RE: FW: Unicode Support in Win95

From: Lori Brownell (
Date: Thu Jan 23 1997 - 20:36:58 EST

>-----Original Message-----
>From: Glen C. Perkins []
>NT 5.0 sounds wonderful, but NT is a developer OS. We developers
>eventually have to ship what we develop to mainstream users, but
>Microsoft positions Win9X as the mainstream OS. I don't see how
>improvements in NT5 alone are going to help me sell more multilingual
>products to mainstream Windows users. With Microsoft's non-US revenues
>at 60% and rising, and with the Internet suddenly bringing mainstream
>users around the world face to face, I think multilingual capabilities
>will be increasingly sought after in mainstream Windows applications on
>*the* mainstream Windows OS, Win9X.
>[Lori Brownell] It is unlikely that you will see this type of multilingual
>support added to Windows 95, although I won't say that it will never occur,
>because I've learned to never say never about this type of thing. However,
>to say that NT is only a developer OS is incorrect. Windows NT Workstation
>is our preferred corporate desktop platform today and just as Windows NT
>Server is being improved and tuned to the server and enterprise market, with
>things like clustering, we are also working on improving and tuning flavors
>of NT for the desktop, mobile and home market with things like plug-n-play,
>increased h/w support and power management.
>Until the release of these language packs, there was no apparent benefit
>to the end user in the claim that a product was "unicode-based". Now
>there is some reason to hope that we will begin to see a variety of
>mainstream applications, and not just those written by Microsoft ;-) ,
>that claim to support the display (and input in the not-too-distant
>future) of most languages, provided the user simply downloads and
>installs the appropriate MS language pack.
>[Lori Brownell] I also hope that ISVs, other than Microsoft, will see
>benefits in writing Unicode applications for Windows. I know that I am
>personally enjoying our new Unicode based Office97 product a lot, especially
>when doing presentations for the Unicode Conference. :-)
>Since Word97 already supports the display of mixed CJK scripts on US
>Win95 (according to Murray), I would like to request that you add this
>capability to Microsoft's Java Virtual Machine. Specifically, developers
>who develop in pure Java would be able to do a
>g.drawString("<some Japanese text>", 5, 5);
>and get Japanese output on any Win95 machine with the Japanese language
>pack installed. (The input of the Japanese text could be done by using
>Visual J++ on a WinNT 5.0 machine, for example, as a development
>platform, but the resulting app would run on any PC with the necessary
>language pack installed.) Mainstream programmers would be shielded from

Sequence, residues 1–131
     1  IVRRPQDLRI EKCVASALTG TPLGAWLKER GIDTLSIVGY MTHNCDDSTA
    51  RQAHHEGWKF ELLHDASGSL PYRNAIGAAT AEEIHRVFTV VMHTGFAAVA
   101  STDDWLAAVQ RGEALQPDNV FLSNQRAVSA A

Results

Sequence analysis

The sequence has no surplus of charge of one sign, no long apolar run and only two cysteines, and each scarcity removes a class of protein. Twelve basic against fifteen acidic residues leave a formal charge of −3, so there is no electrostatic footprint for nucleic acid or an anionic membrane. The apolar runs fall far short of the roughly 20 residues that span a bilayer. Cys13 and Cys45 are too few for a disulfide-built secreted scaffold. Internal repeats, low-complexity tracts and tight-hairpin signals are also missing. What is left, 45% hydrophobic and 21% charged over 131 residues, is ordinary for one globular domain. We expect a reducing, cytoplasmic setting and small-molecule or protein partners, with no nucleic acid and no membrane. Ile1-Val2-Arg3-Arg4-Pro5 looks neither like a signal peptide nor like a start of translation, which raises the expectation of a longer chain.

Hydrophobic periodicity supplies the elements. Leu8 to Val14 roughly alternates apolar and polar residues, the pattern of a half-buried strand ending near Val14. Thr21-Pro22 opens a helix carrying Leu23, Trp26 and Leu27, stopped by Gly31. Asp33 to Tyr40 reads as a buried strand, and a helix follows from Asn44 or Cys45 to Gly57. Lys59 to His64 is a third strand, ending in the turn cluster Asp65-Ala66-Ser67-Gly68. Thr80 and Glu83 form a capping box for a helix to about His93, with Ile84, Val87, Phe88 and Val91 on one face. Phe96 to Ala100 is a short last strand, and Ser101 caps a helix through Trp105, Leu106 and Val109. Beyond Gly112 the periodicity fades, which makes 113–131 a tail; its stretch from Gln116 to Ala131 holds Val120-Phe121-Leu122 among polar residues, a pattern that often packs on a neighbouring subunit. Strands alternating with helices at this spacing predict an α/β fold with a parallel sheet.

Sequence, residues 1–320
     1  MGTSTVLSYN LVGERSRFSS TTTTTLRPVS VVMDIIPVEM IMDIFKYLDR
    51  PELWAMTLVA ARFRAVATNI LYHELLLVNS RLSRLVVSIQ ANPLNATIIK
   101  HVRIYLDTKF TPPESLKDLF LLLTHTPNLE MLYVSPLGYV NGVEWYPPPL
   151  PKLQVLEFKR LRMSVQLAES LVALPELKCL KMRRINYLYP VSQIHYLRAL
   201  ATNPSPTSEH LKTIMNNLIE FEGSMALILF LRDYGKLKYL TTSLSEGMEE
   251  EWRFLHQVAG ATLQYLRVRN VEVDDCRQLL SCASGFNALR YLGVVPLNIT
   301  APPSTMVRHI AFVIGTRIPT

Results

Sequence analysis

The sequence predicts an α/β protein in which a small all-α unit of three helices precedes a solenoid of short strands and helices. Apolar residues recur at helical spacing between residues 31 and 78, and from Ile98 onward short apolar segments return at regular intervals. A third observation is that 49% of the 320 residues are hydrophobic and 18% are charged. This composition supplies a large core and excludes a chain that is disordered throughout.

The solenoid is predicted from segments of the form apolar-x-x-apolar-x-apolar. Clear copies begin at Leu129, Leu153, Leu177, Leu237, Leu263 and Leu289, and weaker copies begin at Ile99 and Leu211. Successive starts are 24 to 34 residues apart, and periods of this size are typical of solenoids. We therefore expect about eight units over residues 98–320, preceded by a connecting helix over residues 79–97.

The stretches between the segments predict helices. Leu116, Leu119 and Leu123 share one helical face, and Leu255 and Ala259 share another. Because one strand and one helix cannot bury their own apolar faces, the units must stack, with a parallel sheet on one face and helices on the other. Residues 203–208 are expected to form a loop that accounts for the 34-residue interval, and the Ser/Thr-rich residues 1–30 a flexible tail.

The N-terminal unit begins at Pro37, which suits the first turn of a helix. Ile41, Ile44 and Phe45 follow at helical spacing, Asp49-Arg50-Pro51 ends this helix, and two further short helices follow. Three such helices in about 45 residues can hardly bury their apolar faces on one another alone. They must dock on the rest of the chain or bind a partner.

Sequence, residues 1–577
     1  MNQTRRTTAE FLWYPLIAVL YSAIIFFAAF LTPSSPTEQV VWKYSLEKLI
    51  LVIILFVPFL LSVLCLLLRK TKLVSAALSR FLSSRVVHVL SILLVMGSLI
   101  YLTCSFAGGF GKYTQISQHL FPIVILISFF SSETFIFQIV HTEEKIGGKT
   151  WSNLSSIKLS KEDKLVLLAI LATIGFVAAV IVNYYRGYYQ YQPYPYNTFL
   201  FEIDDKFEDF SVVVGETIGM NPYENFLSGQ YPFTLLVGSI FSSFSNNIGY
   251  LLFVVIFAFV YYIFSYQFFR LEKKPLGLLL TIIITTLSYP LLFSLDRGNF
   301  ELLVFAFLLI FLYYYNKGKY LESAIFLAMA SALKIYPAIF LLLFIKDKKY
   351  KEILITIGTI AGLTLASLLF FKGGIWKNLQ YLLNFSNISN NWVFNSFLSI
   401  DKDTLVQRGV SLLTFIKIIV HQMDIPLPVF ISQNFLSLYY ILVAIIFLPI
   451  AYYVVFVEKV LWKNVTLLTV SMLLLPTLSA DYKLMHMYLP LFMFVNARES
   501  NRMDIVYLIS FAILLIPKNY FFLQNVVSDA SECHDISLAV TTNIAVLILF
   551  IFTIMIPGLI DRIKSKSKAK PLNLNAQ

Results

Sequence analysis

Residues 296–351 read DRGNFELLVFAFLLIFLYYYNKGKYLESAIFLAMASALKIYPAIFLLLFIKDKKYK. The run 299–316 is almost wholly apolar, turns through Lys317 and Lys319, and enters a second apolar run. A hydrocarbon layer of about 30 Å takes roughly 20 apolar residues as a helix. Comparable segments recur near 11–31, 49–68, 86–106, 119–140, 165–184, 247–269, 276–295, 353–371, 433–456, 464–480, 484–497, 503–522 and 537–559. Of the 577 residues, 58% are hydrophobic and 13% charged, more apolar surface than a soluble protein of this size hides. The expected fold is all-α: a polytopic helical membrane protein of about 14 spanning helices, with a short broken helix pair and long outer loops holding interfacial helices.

>the intricacies of: X works on NT, but not Win95, Y works on 95 with
>weird workarounds, Z hasn't yet been implemented...etc. As long as you
>write to the Java APIs, it works cleanly on both NT and 95 via the
>appropriate language pack.
>[Lori Brownell] The Java team has said that they will post more information
>on this very topic soon, so stay tuned.
>Your press release yesterday gave me, and several fellow Java
>developers, reason to be hopeful. Specifically, at
>you (Microsoft) said:
> "Enhancements to the Industry-Leading
> Microsoft Virtual Machine for Java
> Microsoft also outlined for developers its
> upcoming plans for the industry-leading Microsoft
> virtual machine. These include continued
> performance leadership, capabilities-based
> security, interoperability support for ActiveX
> and Java Bean software components, a
> ---------> comprehensive UNICODE implementation for
> ---------> global applications, and support for all the
> cross-platform capabilities of the Java
> Development Kit (JDK) version 1.1."
>Many of us would like to know whether this refers to being able to use
>Unicode within our standalone Java apps and output directly through the
>language packs. ("Directly" meaning not via a call to native code or an
>ActiveX component.) If so, this is great news that I would be happy to
>Also, Lori, I belong to the world's largest Windows developer "user
>group" and the world's largest Java developer user group, where I'm
>putting together an "Internationalization" SIG, and as far as I know
>*none* of us will be able to go to Germany to hear what Microsoft has in
>store for us. Would it be possible for you to record your presentations
>and put them on Microsoft's website (Shockwave, RealAudio) or at least
>put up a text summary of your plans and a bit of Q&A on a webpage? Your
>local (Silicon Valley) representatives will admit to having heard of
>unicode, and that several MS products are based on it, but they're not
>quite sure what that means. As for future plans, the consensus is
>"continued improvement in order to supply whatever support is needed as
>soon as we reasonably can." Uh-huh. A webpage from someone like you who
>really knows would be a great resource.
>[Lori Brownell] I have had a number of people request this and I will post
>information from the conference on the web when I return from Mainz. Once
>this happens, I'll email the location to this alias so you are all informed.
>It's unfortunate that our silicon valley staff is not up on Unicode and our
>products that use it. My team is trying hard to change this.

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